Wherever he goes, Ethan has this special talent of remembering the exact route; he has this capacity of seeing road maps in his head.

It’s the way he interacts with the world around him.

Ethan drawing on the trampoline the roads he had in his mind

Every day we would go explore the world and learn through this way.

The day usually started with me suggesting him if he wanted to go to the North/ South/ East/ West and we would find together a destination for the day, it could be a nature place like a park, or a man-made place like a store, museum…a place where we would learn and discover about the world, about the natural or the human environment.

Before leaving for our destination, he would navigate on Google street view to look at the route we had to take to get to the place, he would direct me along the roads he wanted me to drive, telling me when I had to change lane to take the right exit. His eyes were always focusing on the road, looking through the window at the beauty of the landscape passing by, admiring the different kind of lampposts alongside the road and the logo signs of the different stores we could see.

Once we reached our destination, Ethan would explore the place in his own way, he would run, walk, jump, seeing in his mind his favorite roads, he would turn the place into a roads network, turning right, left, stopping at some imaginary stop signs, going over bridges, changing lane, taking exits, so he would arrive somewhere to the ‘imaginary” destination he had in his head. Each new place was like discovering a new country.

This was his way of exploring and learning about the environment. This is how his brain interacted with the environment.

Ethan seeing his “imaginary” roads in a nature park

Along his “imaginary” roads we would sometimes stop and look at something that would attract his attention and we would learn about it, depending on where we were, we could learn about nature, biology, physics, chemistry, math, english.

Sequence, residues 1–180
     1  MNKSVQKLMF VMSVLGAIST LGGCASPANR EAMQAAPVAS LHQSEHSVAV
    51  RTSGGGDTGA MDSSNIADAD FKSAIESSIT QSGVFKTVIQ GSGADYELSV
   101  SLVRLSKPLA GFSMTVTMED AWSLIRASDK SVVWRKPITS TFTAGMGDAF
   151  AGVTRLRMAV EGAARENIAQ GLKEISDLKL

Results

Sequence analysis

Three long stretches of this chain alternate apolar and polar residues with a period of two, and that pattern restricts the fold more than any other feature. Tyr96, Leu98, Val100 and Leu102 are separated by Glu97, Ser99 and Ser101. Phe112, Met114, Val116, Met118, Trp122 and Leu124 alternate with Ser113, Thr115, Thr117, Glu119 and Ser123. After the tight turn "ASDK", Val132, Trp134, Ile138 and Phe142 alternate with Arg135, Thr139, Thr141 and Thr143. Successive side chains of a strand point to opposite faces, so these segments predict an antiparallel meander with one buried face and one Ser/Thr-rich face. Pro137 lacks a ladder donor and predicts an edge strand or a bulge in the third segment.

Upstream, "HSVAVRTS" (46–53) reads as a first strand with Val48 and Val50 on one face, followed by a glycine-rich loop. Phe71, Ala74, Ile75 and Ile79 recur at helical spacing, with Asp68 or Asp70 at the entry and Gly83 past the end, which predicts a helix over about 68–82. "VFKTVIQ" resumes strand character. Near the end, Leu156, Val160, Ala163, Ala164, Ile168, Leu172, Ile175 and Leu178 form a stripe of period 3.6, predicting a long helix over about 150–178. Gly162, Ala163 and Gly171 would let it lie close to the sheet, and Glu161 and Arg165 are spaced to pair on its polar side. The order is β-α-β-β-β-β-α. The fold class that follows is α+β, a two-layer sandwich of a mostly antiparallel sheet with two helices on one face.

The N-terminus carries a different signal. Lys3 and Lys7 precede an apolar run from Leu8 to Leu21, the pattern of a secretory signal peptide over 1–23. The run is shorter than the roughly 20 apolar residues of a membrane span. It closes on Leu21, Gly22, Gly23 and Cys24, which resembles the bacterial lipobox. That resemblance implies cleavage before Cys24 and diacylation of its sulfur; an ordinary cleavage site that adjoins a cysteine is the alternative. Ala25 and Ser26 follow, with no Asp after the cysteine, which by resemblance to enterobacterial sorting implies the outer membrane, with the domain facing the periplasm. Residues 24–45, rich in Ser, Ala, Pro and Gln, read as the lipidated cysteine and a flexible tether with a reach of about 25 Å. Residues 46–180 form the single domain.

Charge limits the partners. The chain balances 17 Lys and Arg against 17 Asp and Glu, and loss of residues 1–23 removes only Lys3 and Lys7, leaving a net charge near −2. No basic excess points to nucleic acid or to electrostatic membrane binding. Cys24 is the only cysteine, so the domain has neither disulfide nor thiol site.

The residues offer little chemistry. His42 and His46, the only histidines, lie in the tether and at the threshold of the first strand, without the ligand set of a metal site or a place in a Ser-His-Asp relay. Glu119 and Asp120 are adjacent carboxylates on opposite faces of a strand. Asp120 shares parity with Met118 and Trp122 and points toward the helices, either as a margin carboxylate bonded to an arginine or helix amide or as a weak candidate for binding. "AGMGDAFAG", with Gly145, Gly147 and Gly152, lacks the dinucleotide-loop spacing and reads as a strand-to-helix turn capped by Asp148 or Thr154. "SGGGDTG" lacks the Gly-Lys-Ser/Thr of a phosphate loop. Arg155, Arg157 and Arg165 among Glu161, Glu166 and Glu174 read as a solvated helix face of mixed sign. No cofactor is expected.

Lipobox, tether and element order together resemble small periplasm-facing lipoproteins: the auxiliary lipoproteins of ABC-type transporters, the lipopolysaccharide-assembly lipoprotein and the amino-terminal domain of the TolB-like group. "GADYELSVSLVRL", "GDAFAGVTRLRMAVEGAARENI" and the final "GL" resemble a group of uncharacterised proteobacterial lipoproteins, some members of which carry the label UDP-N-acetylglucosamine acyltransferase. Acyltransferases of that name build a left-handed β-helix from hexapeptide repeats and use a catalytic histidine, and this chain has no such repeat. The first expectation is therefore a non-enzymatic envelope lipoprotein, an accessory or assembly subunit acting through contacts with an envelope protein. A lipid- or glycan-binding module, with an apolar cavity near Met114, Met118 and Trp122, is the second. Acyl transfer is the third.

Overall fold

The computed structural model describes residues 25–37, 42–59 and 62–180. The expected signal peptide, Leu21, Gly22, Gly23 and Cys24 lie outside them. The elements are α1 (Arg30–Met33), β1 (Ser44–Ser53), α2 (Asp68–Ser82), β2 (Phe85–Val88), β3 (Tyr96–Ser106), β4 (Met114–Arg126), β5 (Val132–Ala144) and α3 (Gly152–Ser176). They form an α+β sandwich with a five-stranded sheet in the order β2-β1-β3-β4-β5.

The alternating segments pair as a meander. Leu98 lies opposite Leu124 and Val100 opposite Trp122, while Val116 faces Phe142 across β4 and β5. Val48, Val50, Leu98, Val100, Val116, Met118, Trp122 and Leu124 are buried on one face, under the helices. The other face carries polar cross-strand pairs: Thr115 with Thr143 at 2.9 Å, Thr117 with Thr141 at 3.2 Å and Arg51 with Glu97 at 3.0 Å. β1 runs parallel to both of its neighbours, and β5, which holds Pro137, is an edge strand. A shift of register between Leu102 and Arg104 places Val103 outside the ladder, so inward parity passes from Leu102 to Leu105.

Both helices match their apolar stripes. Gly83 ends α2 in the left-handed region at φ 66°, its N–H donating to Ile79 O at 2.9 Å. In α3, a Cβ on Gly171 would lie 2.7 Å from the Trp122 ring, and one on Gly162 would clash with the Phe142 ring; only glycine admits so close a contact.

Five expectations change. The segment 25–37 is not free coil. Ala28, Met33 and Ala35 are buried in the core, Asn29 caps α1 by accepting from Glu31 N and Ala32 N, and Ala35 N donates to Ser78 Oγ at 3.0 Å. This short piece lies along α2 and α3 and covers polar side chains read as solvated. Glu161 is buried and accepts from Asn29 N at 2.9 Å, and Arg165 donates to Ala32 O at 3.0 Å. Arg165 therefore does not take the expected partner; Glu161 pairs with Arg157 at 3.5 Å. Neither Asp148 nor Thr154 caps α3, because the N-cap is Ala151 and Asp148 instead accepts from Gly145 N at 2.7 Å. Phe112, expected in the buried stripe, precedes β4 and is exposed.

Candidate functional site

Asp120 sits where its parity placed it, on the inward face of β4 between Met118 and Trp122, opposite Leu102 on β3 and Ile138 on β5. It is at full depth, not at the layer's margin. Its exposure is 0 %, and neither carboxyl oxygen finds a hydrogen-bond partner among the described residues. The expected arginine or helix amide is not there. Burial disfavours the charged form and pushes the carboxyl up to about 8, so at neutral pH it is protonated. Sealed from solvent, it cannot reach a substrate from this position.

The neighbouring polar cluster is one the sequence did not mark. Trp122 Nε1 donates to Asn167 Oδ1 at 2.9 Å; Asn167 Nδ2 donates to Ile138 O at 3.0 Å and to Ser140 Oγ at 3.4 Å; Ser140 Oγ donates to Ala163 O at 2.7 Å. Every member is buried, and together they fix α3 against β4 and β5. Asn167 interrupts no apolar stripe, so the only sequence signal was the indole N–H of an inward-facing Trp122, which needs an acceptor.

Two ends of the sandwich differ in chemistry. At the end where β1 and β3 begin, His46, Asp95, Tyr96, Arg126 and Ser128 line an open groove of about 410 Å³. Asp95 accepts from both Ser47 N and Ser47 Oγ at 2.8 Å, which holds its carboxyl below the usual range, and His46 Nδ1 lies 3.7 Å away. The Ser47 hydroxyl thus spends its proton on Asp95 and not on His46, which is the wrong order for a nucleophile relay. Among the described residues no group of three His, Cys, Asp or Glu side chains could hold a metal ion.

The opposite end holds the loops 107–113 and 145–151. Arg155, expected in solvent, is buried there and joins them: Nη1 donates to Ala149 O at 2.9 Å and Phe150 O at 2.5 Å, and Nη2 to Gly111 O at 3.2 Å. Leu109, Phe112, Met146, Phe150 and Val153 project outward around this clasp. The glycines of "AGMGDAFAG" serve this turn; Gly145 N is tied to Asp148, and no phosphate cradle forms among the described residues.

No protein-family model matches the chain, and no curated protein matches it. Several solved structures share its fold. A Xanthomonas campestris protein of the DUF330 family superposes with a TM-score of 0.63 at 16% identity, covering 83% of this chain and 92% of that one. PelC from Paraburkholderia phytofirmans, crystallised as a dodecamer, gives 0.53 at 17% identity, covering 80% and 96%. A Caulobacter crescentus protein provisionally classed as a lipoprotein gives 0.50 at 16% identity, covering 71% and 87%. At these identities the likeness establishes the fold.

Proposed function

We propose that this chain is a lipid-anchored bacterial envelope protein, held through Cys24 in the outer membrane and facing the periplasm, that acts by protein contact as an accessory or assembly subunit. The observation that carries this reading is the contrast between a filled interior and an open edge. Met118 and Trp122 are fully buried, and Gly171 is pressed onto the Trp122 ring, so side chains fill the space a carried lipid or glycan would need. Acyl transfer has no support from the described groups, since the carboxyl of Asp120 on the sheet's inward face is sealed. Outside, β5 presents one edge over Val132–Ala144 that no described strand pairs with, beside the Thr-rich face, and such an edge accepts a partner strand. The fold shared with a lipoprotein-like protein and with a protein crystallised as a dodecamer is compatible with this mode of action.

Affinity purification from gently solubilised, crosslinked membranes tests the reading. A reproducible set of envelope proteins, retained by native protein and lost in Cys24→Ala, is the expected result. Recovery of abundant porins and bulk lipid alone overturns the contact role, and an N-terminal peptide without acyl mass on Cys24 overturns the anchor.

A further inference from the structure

Learning could be in the car, along the “real” roads; about geography by looking at the signs of the airlines driving passed the airport, about math by counting the logo signs along the roads, about physics and time in the car, about english by reading the signs alongside the roads.

Taking every opportunity to learn, giving even more sense to our environment.

We were exploring, running and walking on the same paths, looking in the same direction, learning together about the basics of human knowledge, driving on his favorite roads whether they were real or in his mind.

Through his way of interacting with the environment, we were always learning in movement. Using the motion of the car while driving on his favorite roads, or moving together on his imaginary roads, this is how his brain was open to learning.

[see science of learning https://www.horseboyworld.com/the-science-of-learning]

Ethan building his roads in the sand during a playdate at the Horseboy Center, Elgin, Texas

What if instead of imposing on the child an ideal of what we think he should be, we were simply following their own way of interacting with the world, encouraging them to learn and to develop their curiosity and creativity.

Because we evolved as hunters and gatherers, human beings all have in common a natural need to interact with their environment; we naturally try to give sense to our environment, this is how we connect to the environment and to each other.

The way we perceive the environment around us depends on the way our brain function.

Each brain is unique and has its own way of interacting with the environment.

It is the beautiful uniqueness of each human being and the richness of humankind.

We are hard-wired to look for what to eat, use for medicine, shelter and so on. So kids are hard-wired to seek out information.

If we follow and encourage kids to explore the world in their own way of perceiving the environment, to develop their uniqueness, we would free their own creativity without them conforming to a conditioned way of thinking.

If they are free to explore the world as they perceive it, they would find out about themselves, about their skills, about what are their brain made for, what are they good at, what are their special talents…

This should be the role of education: watching, observing, listening, and understanding the child as he is to help them finding out about themselves so they are free to learn and express themselves without being forced to fit into a system which society has set. It doesn’t mean we can’t teach the national curriculum. We can at the same time however let the child lead.

This is the beauty of bringing different kinds of mind together: “different is brilliant”.

When you find out about yourself, about what you are made for, you have this little light inside yourself which gives you this energy to go explore, learn and be creative and live truly your life.